After the calibration phase is complete, the analog-to-digital conversion of an analog input voltage Vin proceeds in the manner described above. After a sixteen-bit digital representation of the input voltage Vin has been computed and stored in microprocessor 16, switch S2 is opened and switch S3 is closed by microprocessor 16 via switch control lines 20. This permits a voltage Vt generated by differential temperature sensor 14, which may include a thermistor, to be applied to the remainder of the conversion apparatus via switch S3. After four conversions of the type above described, a sixteen-bit digital representation of Vt is computed and stored in microprocessor 16. This digital representation of Vt is then compared with the sixteen-bit temperature reference voltage which was stored in microprocessor 16 during the calibration phase. The differential temperature sensor is chosen such that a temperature change of 1° C. will correspond to a voltage difference of thirty-two least significant bits which merely corresponds to a shift right by five bits. This may be accomplished by employing a thermistor of the type bearing Burr-Brown part number RTC103-502.
Gain and offset drift storage register 18 is preprogammed to contain the amount of gain and offset drift which occurs as a function of temperature change. Thus, after the temperature change has been calculated by dividing the temperature voltage difference by thirty-two, the gain and offset drift storage register is searched to determine the appropriate amount of gain and offset drift compensation. The sixteen-bit digital representation of the analog input voltage is then compensated by this amount, and the result is available at the output of microprocessor 16.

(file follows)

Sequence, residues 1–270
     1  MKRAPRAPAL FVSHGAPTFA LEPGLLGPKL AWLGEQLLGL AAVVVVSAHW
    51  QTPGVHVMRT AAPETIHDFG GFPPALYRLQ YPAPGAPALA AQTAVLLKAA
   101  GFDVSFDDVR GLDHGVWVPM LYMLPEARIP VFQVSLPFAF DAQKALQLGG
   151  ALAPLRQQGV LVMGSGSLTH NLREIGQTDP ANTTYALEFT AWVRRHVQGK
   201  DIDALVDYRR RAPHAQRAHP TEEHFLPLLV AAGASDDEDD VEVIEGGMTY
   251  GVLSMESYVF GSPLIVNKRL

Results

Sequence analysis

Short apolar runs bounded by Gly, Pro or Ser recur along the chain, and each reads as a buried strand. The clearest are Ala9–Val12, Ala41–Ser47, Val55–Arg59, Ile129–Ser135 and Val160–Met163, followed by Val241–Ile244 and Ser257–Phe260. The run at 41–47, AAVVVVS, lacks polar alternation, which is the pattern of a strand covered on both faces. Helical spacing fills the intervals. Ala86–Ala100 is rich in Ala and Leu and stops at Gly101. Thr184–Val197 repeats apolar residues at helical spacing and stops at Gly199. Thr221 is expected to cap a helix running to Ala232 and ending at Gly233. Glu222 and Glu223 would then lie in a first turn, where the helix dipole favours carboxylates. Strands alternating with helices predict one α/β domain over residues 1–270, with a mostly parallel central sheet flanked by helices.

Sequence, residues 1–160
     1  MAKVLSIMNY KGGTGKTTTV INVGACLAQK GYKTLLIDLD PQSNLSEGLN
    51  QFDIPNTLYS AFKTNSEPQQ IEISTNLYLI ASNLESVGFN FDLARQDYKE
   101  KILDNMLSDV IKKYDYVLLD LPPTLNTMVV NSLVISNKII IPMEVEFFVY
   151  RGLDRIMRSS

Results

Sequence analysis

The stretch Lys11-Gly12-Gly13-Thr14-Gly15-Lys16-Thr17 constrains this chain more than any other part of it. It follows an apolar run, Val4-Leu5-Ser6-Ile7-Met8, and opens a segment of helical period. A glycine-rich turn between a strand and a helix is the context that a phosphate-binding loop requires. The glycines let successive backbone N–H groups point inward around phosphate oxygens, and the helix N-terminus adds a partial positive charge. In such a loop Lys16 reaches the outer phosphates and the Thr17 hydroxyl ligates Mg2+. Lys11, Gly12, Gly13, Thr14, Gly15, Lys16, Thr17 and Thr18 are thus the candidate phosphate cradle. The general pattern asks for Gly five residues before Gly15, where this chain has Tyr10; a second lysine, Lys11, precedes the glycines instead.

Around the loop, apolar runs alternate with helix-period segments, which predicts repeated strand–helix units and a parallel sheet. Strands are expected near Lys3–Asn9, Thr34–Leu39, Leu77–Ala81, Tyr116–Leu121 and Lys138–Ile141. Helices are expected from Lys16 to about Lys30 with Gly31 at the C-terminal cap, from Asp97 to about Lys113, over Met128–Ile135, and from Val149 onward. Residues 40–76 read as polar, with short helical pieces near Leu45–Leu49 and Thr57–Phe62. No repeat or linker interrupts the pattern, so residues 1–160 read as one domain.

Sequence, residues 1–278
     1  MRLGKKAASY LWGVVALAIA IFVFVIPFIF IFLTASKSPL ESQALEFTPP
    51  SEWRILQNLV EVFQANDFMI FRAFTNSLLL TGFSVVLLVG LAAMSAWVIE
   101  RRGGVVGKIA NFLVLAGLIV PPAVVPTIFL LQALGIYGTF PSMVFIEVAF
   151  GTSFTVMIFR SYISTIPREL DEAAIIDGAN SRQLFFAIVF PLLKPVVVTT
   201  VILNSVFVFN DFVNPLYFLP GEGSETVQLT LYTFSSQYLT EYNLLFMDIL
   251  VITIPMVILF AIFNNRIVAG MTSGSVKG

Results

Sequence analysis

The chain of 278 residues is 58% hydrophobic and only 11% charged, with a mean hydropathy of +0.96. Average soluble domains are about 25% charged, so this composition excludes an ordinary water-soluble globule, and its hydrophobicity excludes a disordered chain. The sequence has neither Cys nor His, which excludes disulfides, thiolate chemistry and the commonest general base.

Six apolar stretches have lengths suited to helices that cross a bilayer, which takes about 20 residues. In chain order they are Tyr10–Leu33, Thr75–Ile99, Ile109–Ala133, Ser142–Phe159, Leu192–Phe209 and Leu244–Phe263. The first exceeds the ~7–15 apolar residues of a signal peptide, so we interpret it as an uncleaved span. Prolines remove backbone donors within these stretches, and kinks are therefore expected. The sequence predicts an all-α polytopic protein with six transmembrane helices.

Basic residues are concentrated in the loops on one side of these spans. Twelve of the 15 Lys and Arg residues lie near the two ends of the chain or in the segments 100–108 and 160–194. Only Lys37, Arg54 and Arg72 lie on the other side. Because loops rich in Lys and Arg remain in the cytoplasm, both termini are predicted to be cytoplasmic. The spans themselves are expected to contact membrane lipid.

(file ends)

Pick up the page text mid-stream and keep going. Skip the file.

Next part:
FIG. 2 is a block diagram of a second embodiment of the inventive microprocessor supervised analog-to-digital converter. Like elements are denoted by like reference numbers; however, in this embodiment switch bank 2 contains switches S1, S2, S3 and S4. An additional bank of switches 20 contains switches S5, S6, S7 and S8.
Conversion of the input voltage Vin is commenced when switches S1 and S6 are closed by microprocessor 16 via the switch control lines and when converter 4 receives a "Start Conversion" signal from microporcessor 16. A first five-bit output from converter 4 represents a first approximation of the analog input voltage Vin. This first approximation is stored in microprocessor 16 and is applied to inputs of coverter 6.
The output of digital-to-analog converter 6 is applied to error amplifier 12. The input voltage Vin is likewise applied to error amplifier 12 and the resulting error voltage (Va) is applied to sample-and-hold circuit 8 which was previously placed in a "sample" mode by microprocessor 16. When Va is stored in sample-and-hold 8, microprocessor 16 opens switches S1 and S6 and closes switches S3 and S7. In this manner, the voltage (Va) stored in sample-and-hold circuit 8 is applied as an unknown input voltage to converter 4 via switch S3 and to error amplifier 12 via switch S7. A second conversion is stored in microprocessor 16 and a second error voltage is applied to sample-and-hold circuit 10 which has been placed in a "sample" mode by microprocessor 16.
Switches S3 and S7 are now opened and switches S2 and S8 are closed by microprocessor 16. In this manner, the contents of sample-and-hold circuit 10 is applied as an unknown input voltage to converter 4 via switch S2 and to error amplifier 12 via switch S8. The resulting error voltage (Va) is stored in sample-and-hold circuit 8 thus completing a third conversion. Switches S2 and S8 are opened and switches S3 and S7 are closed to accomplish a fourth conversion.